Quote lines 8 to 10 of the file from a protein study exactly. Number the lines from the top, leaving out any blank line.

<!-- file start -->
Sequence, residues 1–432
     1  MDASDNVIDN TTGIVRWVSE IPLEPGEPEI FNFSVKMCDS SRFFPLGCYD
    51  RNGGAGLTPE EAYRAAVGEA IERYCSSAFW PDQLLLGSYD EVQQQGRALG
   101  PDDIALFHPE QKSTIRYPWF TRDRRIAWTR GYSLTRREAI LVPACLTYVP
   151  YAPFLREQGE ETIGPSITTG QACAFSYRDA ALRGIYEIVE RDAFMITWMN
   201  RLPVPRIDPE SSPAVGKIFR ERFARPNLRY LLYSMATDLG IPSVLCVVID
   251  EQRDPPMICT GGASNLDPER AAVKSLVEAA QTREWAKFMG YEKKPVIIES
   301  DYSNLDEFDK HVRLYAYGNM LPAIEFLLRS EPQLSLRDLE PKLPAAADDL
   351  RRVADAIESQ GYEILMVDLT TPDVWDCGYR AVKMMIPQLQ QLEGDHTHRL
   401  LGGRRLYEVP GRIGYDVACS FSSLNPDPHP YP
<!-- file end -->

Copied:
   301  DYSNLDEFDK HVRLYAYGNM LPAIEFLLRS EPQLSLRDLE PKLPAAADDL
   351  RRVADAIESQ GYEILMVDLT TPDVWDCGYR AVKMMIPQLQ QLEGDHTHRL
   401  LGGRRLYEVP GRIGYDVACS FSSLNPDPHP YP